Posted in Medical Education, Microdiscectomy, Migraine Doctor Dallas, Migraine Treatment, Minimal Access Spinal Technologies, MINIMALLY INVASIVE, minimally invasive disc healing, Minimally Invasive Laser Spine Surgery | Spine Surgeons | Dallas, minimally invasive procedures, Minimally Invasive Spine, minimally invasive spine procedures, Minimally Invasive Spine Surgery, Minimally Invasive Stabilization, Minimally Invasive Surgery, MIS, Myofascial pain syndrome, Natural and Ethical, Neck pain, Neck Pain Treatment Texas, Neuropathic Pain, non-invasive procedures, North American Spine Society, Open Surgery and Minimally Invasive Surgery, Overuse Injuries, Pain, pain disorders, Pain Doctor, Pain Doctor Dallas, Pain Doctor Fort Worth, Pain Doctor Irving, Pain Doctor Plano, Pain Doctor Texas, Pain Doctors, Pain Dr, pain management, Pain Medicine, Pain Prevention, Painful nerve injuries, Painful osteoarthritis, patients’ own stem cells, Pelvic pain/Genital pain, Pinnacle Pain, Pinnacle Pain Group, Positive Side Effects, posterior spinal fusion, Presbaterian Pain, Proven Results, Radicular Syndrome, Radiofrequency Ablation and Lesioning, Regenerative Medicine, Robotic Guided Spine Surgery, Robotic Spine Surgery, Rockwall Back Doctor, Safe and Effective:, San Antonio Spine Surgeon, Sciatica, Scoliosis, Screening Colonoscopy, spinal cases from children, Spinal cord injury spasticity and pain, Spinal Cord Stimulator Trial, Spinal Fusion, Spinal Stenosis, Spine Microdiscectomy, Spine Pain Plano, Spine Surgery, Spine Surgery Addison, Spine Surgery Coppell, Spine Surgery Dallas, Spine Surgery Doctor, Spine Surgery Houston, Spine Surgery McKinney, Spine Surgery Mesquite, Spine Surgery Plano, Spine Surgery Robot, Texas Back Institute, Texas Health Pain, Texas Spine Consultants, Top Back Doctors, Top Docs, Top Spine Dr in the USA, Top Texas Surgeons, Transforaminal Endoscopic Discectomy, True minimally invasive procedures, Tx Top Spine Dr

Tagged with , , , , , , , , , , , , , , , ,

Spine Surgeon Dallas, Mayo Clinic Trained Spine Surgeon, Back Doctor, Spine Pain Doctor

leave a comment »

https://www.becomepainfree.com/

Become Pain Free | Pain Specialist in Texas

Written by becomepainfree

February 17, 2013 at 9:05 pm

Posted in Back Pain Plano, Back Pain Relief, Back pain sufferers, Back Surgeon Texas, Best Spine Doc in Texas, Best Spine Doctor, Chronic Pain, Complex regional pain syndrome, Dallas Doctors, Dallas Texas Pain Doctor, Discectomy and Stabilization, Endoscopic and Laser Spine Surgery, Failed back surgery syndrome, fellowship in Disorders of the Spine, fellowship trained Orthopaedic Spine Surgeon, Fellowship-trained spine surgeons, Fibromyalgia, Fort Worth Orthopedic Surgeon, Headache, Injured on the Job, Innovative pain mapping process, interventional therapies, Laser Back Surgery, laser spine procedures, Laser Spine Surgery, Low back pain, Lumbar and Cervical Radiofrequency, Lumbar Microdiscectomy, M.D., Mayo Clinic, Mayo Clinic Spine Surgeon, Mayo Clinic Trained Surgeons, Medical Education, Microdiscectomy, Minimal Access Spinal Technologies, MINIMALLY INVASIVE, minimally invasive disc healing, Minimally Invasive Laser Spine Surgery | Spine Surgeons | Dallas, minimally invasive procedures, Minimally Invasive Spine, minimally invasive spine procedures, Minimally Invasive Spine Surgery, Minimally Invasive Stabilization, Minimally Invasive Surgery, MIS, Myofascial pain syndrome, Neck pain, Neck Pain Treatment Texas, Neuropathic Pain, non-invasive procedures, Obese Patients, Open Surgery and Minimally Invasive Surgery, Overuse Injuries, Pain, pain disorders, Pain Doctor, Pain Doctor Dallas, Pain Doctor Fort Worth, Pain Doctor Irving, Pain Doctor Plano, Pain Doctor Texas, Pain Doctors, Pain Dr, pain management, Pain Medicine, Pain Prevention, Painful nerve injuries, Painful osteoarthritis, patients’ own stem cells, Positive Side Effects, posterior spinal fusion, Proven Results, PRP, Radicular Syndrome, Radiofrequency Ablation and Lesioning, Regenerative Medicine, Robotic Guided Spine Surgery, Robotic Spine Surgery, Safe and Effective:, Sciatica, Scoliosis, Spinal cord injury spasticity and pain, Spinal Fusion, Spinal Stenosis, Spine Microdiscectomy, Spine Pain Plano, Spine Surgery, Spine Surgery Addison, Spine Surgery Coppell, Spine Surgery Dallas, Spine Surgery Doctor, Spine Surgery Houston, Spine Surgery McKinney, Spine Surgery Mesquite, Spine Surgery Plano, Spine Surgery Robot, sports injuries, Stem Cell Therapy, stem cells, surgical treatment of spinal disorders, Texas Health Pain, Top Back Doctors, Top Docs, Top Spine Dr in the USA, Top Texas Surgeons, Transforaminal Endoscopic Discectomy, True minimally invasive procedures, Tx Top Spine Dr, Uncategorized, Work Comp Injury, Workers Compensation Injury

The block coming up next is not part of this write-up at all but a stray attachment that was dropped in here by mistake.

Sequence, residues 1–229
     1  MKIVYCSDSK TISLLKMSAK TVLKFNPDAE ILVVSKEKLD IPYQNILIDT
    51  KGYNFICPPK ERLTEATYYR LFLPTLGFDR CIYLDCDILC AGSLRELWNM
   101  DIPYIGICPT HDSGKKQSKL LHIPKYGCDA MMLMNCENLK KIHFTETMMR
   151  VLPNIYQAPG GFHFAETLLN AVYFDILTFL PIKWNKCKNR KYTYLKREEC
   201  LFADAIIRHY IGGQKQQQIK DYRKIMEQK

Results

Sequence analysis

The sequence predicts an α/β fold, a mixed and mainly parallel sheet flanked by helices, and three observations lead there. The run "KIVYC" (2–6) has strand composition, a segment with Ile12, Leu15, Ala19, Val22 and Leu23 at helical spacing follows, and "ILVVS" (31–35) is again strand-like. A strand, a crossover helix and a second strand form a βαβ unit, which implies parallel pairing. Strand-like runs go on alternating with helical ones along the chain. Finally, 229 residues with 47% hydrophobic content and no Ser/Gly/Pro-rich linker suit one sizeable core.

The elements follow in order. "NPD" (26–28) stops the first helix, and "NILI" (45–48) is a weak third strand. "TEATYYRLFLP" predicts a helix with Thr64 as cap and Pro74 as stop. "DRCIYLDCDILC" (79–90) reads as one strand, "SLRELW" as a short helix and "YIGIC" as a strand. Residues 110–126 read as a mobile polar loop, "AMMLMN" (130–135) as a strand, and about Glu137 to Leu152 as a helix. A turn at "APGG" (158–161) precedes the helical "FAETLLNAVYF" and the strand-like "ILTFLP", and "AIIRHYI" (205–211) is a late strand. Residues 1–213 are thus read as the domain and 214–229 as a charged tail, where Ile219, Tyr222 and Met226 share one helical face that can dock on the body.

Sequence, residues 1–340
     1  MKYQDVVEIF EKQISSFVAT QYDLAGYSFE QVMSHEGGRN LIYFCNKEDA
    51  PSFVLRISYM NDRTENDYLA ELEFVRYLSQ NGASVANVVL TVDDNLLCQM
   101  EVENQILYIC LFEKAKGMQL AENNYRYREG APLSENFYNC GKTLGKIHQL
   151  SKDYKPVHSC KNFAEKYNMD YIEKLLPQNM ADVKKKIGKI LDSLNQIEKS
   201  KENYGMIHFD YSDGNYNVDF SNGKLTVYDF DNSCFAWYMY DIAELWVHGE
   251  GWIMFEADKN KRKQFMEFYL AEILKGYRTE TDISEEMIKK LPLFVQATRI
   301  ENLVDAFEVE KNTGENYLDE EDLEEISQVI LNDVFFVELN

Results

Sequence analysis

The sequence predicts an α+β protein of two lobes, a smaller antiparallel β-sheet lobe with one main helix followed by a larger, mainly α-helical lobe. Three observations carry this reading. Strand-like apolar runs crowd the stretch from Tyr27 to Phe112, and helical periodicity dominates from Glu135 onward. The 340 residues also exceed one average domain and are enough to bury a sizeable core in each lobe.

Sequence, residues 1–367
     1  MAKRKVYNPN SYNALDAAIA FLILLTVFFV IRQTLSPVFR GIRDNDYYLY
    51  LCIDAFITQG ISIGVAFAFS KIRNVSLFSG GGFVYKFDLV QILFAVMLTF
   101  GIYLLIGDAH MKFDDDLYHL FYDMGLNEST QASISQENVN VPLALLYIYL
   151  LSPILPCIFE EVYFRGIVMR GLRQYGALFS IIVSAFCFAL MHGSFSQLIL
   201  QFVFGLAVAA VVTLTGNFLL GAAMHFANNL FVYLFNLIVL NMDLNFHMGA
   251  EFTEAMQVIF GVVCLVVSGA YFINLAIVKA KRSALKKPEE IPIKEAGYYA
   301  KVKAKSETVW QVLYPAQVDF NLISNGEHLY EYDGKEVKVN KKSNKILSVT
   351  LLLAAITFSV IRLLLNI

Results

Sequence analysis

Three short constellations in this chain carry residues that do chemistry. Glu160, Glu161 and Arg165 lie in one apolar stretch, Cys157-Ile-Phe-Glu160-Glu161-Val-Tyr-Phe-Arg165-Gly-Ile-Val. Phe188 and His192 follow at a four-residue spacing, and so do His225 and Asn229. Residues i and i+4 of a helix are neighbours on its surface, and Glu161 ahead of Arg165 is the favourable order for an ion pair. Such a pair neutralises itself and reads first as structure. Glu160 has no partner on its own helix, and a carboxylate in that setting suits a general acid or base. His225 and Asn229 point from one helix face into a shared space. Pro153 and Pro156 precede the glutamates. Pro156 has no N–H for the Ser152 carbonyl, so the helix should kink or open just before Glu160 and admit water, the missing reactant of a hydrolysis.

Tagged with , , , , , , , , , , , , , , , ,

Stem Cells for Spine Surgery: 7 Points

leave a comment »

Written by  Laura Miller | May 23, 2012

Become Pain Free | Pain Specialist in Texas

Here are seven points about using biologics and stem cells during spine surgery from Richard Hynes, MD, President of The B.A.C.K. Center in Melbourne, Florida.


How we got here

Dr. Hynes was one of the many spine surgeons who participated in Medtronic’s original trials for BMP-2 in the 1990’s.  While scientists have known about the ability of stem cells and BMP to generate bone for several years, Medtronic was the first company to develop a safe and effective molecule to stimulate cell growth.  After completing the pre-market approval trials, the Food and Drug Administration granted approval for the BMP-2 product, Infuse, in 2002 for creating fusion in the Lumbar Spine placed through an anterior approach in a LT cage.